We had been planning to do that bridge show, but it was supposed to be for Friday night. I had said I would much rather just take the day off and just have everyone hang out and maybe play a show for just friends that wasn't a big buzz-fest. It was part frustration, part showmanship, I think -- you want to make the set memorable. Any time we play, I try to make that my outlet. I'm definitely a very cynical, negative person most of the time, and that's where I get most of those aggressions out. So that had something to do with what was going on there, but at the same time, being inwardly violent and just playing as fucking hard as you can every time you play. That's what was in my head: It was either me or the bass at that moment, and I'm old enough now to put my health above all. That's basically what it was.
Perfect Pussy are currently bringing their stellar live show all around North America, and they'll be back in NYC for shows on April 4 at Death by Audio with Total Slacker, Friendless Bummer and Sarongs; and April 5 at Mercury Lounge with Tumul and Green Dreams. Tickets for the DbA show and the Merc show are on sale now.
If you haven't heard Say Yes to Love, you can stream it on NPR. Streams of two of its tracks, with the updated list of tour dates, below...
by Bill Pearis
The Shaggs' sole album, Philosophy of the World, is perhaps the quintessential outsider art record with a backstory as interesting as the music itself (which spawned a stage musical ten years ago). After tributes and posthumous praise and references on The Gilmore Girls, the album remains a genuinely strange, created-in-a-vacuum, highly influential piece of pop culture. You can stream it in full below.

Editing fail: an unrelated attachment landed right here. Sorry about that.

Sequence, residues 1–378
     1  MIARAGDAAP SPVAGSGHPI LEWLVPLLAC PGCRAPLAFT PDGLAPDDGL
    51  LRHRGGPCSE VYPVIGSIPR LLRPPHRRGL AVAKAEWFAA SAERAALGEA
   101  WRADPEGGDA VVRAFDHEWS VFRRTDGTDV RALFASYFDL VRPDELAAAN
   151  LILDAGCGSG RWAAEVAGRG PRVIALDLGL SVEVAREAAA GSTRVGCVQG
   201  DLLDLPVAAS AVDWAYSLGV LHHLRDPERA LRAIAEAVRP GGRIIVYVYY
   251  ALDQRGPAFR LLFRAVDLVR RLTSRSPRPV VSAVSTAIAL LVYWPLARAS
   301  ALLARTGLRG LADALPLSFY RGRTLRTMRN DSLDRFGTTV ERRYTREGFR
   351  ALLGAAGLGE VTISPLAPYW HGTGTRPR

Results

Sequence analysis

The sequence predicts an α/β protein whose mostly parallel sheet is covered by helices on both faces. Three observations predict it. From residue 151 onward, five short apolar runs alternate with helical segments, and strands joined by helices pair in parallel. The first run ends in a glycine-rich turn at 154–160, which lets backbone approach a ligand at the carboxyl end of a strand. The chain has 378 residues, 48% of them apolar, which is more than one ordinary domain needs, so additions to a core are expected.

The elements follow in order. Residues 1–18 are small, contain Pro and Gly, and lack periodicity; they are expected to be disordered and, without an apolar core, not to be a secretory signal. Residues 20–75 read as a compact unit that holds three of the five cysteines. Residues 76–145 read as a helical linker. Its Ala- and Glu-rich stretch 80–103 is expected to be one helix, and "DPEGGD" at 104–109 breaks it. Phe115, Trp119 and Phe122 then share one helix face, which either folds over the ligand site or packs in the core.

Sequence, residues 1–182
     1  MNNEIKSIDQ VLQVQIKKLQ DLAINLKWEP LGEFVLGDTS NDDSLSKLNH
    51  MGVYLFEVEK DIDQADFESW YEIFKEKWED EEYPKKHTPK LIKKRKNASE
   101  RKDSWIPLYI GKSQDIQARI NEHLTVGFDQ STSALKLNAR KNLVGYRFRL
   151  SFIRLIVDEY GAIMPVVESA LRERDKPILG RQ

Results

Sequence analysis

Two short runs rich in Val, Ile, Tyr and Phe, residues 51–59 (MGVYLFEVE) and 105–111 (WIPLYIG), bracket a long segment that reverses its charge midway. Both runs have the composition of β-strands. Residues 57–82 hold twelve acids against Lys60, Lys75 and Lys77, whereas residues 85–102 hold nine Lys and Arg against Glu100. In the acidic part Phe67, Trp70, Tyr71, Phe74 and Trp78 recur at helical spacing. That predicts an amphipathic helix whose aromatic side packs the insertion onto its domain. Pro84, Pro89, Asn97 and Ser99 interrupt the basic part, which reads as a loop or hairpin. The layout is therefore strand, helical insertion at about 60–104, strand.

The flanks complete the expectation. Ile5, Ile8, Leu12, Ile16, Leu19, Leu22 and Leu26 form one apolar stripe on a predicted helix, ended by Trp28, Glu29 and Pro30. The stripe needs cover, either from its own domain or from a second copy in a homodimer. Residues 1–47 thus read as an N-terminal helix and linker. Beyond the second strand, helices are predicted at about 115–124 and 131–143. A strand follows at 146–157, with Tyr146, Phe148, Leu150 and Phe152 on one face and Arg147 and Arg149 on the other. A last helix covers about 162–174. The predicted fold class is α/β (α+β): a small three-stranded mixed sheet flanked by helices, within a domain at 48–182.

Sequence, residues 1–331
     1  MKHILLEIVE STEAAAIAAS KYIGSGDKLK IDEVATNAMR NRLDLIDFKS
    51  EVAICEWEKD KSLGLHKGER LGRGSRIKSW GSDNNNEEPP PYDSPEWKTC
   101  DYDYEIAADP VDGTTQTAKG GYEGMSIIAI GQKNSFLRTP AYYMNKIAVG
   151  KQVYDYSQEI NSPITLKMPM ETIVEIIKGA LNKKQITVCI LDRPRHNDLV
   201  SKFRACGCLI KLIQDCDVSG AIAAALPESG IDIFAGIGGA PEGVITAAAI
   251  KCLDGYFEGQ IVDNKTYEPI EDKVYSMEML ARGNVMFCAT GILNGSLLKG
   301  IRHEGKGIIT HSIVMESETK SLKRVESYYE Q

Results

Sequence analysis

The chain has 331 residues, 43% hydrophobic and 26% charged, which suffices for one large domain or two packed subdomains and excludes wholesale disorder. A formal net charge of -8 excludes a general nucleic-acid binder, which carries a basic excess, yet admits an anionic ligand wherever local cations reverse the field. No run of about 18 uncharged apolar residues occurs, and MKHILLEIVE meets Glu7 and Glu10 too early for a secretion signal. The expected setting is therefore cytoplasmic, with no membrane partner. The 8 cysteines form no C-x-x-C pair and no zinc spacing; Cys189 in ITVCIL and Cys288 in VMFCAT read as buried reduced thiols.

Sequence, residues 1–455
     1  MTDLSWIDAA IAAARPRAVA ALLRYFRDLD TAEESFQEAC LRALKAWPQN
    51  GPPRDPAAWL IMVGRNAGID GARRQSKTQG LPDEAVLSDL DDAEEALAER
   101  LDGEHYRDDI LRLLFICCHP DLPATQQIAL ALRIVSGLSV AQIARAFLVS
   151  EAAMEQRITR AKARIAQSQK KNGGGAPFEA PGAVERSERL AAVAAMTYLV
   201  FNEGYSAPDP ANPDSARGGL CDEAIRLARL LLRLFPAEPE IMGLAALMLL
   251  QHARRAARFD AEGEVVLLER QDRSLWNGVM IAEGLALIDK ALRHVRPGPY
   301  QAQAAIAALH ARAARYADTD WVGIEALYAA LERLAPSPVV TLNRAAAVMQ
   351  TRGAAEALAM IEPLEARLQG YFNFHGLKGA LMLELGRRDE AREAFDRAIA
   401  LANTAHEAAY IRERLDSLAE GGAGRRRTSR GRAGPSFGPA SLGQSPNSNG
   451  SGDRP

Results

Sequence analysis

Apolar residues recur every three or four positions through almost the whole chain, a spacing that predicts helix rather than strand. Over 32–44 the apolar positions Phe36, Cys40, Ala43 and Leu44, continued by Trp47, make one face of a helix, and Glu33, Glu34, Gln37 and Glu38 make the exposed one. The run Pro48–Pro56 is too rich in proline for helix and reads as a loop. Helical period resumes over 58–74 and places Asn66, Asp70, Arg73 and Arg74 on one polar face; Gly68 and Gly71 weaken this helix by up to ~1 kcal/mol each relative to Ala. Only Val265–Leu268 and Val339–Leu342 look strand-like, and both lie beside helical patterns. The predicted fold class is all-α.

Some 44 years later, Shaggs' singer Dot Wiggin is set to release her first-ever solo album, Ready! Get! Go!, via Alternative Tentacles on October 29. That's the cover art above. It's a mix of never-recorded Shaggs' songs and new material too. You can can stream a track from it, "Speed Limit," over at Pitchfork.
Dot, who has played NYC a couple times this year, has a few dates coming up around the LP's release. That includes a NYC date at 285 Kent on November 6 with kindred musical spirit Jad Fair who will be with his former Half Japanese member Gilles Rieder, plus sets from Blanche Blanche Blanche and BEEF. Tickets are on sale now. Dot's also playing with Jad Fair in Baltimore the next night (11/7) at Otto Bar.
by Andrew Sacher
As you may know, Angel Haze and Azealia Banks got in a Twitter fight yesterday (1/3) which resulted in Angel Haze releasing a diss track aimed at Azealia. Azealia Banks responded today with the Machinedrum-produced "No Problems" and tweeted, "Lol I def used that energy to write a fly new jam tho. It's not even really a diss anymore! Haha !!!"
...well Angel Haze thinks it's still a diss because she already responded with a second diss track called "Shut the Fuck Up" and the message, "you get an unmastered diss...you aint worth my studio time." Choice lyric: "How much twitter feed does it take to wanna make you get into the studio and come up with a different flow, not try to recreate '212,' the only shit you know." Damn.
Listen to both tracks below...
Jack White @ ACL 2012 (more by Glen Brown)
Jack White has issued the following statement to correct an excerpt from his upcoming cover story in British Esquire that was taken completely out of context--and actually edited to change its original meaning--in an NME.com news post.Jack White's 2012 album has been named one of the best of the year by NME - and by MOJO, Rolling Stone, SPIN, Q Magazine, The Alabama Shakes and UNCUT
The original quote referred to the state of image-based celebrity in general was twisted by the NME who changed the original quote, tacking the words "Lady Gaga's music" on to the original quote--words Jack never actually said.
White commented in full: